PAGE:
Lot of that going around lately.

 

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Comments

  • http://saberpoint.blogspot.com Stogie Chomper

    Every capitalist wants to solve problems to earn money, and that’s a good thing. If medication can suppress alcoholism, there may be fewer drunk driving deaths and ruined lives.

  • http://saberpoint.blogspot.com Stogie Chomper

    Nonsense.

  • http://saberpoint.blogspot.com Stogie Chomper

    Just like those other evil doctors who offer vaccinations. Scandalous!

  • DaveO

    The germanic Goths ran into similar Special Snowflakes when they redistributed Rome’s wealth and fundamentally changed Rome. Different dates, same snowflakes.

  • http://saberpoint.blogspot.com Stogie Chomper

    I agree, ChubbyBubba. People have a tendency to think that their personal impressions, biases and predilections are the laws of nature, applicable to everyone. If you differ from them, there is something wrong with you. “I’m not depressed, so why should you be?”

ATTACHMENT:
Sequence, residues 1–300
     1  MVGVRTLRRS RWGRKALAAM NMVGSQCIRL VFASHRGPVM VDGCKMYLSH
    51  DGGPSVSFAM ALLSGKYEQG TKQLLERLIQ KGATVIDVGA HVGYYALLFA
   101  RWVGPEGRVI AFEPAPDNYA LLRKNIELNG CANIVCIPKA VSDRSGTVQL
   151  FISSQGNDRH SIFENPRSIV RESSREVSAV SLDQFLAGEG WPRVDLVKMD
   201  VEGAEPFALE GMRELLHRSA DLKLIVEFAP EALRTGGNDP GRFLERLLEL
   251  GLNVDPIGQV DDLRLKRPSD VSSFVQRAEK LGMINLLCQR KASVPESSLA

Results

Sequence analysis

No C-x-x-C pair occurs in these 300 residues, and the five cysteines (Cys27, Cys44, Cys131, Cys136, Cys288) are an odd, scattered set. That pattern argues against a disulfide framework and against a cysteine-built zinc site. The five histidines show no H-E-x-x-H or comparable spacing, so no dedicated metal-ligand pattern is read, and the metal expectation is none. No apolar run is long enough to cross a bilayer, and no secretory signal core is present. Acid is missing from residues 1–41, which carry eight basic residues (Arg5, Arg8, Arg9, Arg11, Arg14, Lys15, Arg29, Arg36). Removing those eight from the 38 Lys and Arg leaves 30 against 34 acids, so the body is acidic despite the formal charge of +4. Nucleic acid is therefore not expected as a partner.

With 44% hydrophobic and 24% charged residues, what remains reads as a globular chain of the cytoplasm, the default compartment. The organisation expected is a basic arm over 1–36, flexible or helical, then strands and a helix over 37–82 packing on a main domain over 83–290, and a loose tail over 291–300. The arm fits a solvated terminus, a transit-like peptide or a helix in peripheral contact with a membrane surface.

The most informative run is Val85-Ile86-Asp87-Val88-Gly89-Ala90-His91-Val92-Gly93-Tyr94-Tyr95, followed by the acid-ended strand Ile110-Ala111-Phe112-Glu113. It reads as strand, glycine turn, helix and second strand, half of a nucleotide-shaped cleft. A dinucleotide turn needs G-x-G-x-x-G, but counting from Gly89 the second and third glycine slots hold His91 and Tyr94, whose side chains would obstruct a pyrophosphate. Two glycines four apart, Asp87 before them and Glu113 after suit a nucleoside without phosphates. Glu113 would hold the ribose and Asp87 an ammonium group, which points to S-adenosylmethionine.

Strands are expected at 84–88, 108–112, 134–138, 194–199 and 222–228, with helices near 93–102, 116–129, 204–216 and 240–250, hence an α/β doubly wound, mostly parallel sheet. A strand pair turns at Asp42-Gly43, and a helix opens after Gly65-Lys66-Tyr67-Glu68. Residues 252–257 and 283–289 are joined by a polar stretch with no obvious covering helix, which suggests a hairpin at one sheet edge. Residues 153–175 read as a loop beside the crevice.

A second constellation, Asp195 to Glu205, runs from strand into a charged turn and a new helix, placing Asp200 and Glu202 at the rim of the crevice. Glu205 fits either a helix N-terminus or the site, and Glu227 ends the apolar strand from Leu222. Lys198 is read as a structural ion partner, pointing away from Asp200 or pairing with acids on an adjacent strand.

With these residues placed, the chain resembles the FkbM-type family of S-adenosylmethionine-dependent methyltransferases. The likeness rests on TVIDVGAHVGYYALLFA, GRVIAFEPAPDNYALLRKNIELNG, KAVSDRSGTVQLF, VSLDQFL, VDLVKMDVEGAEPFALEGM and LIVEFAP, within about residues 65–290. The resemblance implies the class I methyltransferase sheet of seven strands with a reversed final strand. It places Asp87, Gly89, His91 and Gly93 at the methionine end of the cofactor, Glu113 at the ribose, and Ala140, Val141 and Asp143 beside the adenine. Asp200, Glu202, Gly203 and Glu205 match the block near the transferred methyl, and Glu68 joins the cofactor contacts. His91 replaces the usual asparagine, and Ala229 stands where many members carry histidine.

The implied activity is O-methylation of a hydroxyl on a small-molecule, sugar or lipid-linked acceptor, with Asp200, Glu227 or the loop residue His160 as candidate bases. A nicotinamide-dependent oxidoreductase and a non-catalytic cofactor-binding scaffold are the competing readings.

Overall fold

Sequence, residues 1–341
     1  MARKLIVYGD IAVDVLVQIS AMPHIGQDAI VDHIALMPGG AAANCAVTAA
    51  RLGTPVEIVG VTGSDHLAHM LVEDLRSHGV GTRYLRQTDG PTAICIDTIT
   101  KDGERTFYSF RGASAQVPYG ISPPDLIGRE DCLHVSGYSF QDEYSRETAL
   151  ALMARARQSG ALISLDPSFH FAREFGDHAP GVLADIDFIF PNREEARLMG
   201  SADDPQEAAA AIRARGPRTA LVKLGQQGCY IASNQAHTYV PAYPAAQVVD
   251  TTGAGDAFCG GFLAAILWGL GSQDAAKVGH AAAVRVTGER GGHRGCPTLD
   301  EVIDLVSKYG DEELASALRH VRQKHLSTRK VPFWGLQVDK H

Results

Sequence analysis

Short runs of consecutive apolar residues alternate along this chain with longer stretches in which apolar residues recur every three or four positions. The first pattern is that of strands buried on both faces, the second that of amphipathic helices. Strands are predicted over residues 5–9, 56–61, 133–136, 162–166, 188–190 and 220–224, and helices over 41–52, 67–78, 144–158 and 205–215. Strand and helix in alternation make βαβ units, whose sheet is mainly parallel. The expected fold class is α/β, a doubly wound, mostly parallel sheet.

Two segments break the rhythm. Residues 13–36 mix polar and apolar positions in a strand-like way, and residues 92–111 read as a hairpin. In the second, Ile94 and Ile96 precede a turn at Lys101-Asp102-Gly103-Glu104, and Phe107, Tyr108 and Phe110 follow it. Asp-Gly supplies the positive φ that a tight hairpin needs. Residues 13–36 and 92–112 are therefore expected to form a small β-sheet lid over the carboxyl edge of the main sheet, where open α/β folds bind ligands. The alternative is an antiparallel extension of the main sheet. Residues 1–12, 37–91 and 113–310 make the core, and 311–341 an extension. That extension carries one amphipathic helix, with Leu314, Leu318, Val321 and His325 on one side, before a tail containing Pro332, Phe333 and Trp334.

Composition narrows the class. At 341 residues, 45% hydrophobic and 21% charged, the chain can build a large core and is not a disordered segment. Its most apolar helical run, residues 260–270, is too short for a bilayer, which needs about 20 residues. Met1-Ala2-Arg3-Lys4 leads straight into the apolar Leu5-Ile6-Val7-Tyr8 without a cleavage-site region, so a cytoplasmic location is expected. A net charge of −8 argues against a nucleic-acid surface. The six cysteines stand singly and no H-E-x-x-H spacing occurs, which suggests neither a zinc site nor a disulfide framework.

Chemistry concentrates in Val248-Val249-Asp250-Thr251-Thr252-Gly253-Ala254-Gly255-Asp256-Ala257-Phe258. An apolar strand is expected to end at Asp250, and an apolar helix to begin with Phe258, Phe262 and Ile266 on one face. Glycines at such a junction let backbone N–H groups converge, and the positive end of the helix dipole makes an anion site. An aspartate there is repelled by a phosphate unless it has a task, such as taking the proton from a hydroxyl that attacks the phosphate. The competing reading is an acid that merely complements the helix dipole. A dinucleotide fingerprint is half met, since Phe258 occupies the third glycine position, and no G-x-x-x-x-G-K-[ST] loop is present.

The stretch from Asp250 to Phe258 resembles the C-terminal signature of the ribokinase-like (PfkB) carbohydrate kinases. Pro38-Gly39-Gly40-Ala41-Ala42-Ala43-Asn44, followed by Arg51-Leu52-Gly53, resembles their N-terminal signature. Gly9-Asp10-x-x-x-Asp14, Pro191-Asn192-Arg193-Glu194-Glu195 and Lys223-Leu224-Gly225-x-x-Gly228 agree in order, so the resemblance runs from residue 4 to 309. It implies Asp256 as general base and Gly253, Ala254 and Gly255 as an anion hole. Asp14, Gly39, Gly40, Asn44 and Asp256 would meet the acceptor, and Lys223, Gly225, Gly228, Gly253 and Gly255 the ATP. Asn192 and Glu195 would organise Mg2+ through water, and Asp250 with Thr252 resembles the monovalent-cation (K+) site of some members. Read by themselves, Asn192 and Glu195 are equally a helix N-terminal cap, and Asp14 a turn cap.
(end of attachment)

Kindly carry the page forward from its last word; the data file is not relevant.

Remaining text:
This widespread attack on psychiatry and anti-depressants is characteristic of the wacky right, like the folks at World Net Daily. There are even some who attack vaccinations and inoculations — like flu shots! Perhaps they prefer magical talismans to ward off evil spirits.

    Those of you who ever get migraines should just think your way out of it — after all, aspirin doesn’t permanently cure the condition, just relieves the symptoms.

  • http://saberpoint.blogspot.com Stogie Chomper

    So you’re omniscient, hey Art? You can read the minds of every doctor and medical professional? And an expert in brain chemistry? Maybe you could share your advanced medical degrees with the rest of us.

  • http://saberpoint.blogspot.com Stogie Chomper

    Well said, Sarah. At last, some common sense.

  • http://saberpoint.blogspot.com Stogie Chomper

    You can’t even spell “psychology,” and now you are one.

  • http://saberpoint.blogspot.com Stogie Chomper

    Common sense! Thanks Mm

  • jakee308

    It’s more than just the pill merchants. It’s the therapist and their office staff, the social worker, the guidance counselor at school, the Nurse at school to hand out meds (remember when the nurse was there to give you an aspirin and a band aid? Now you can’t get either but you can get your prescribed doses of psycho active drugs that let you cruise through the day), the special buses for those of lesser capacity and of course a household that revolves around Amy’s “Difficulties”.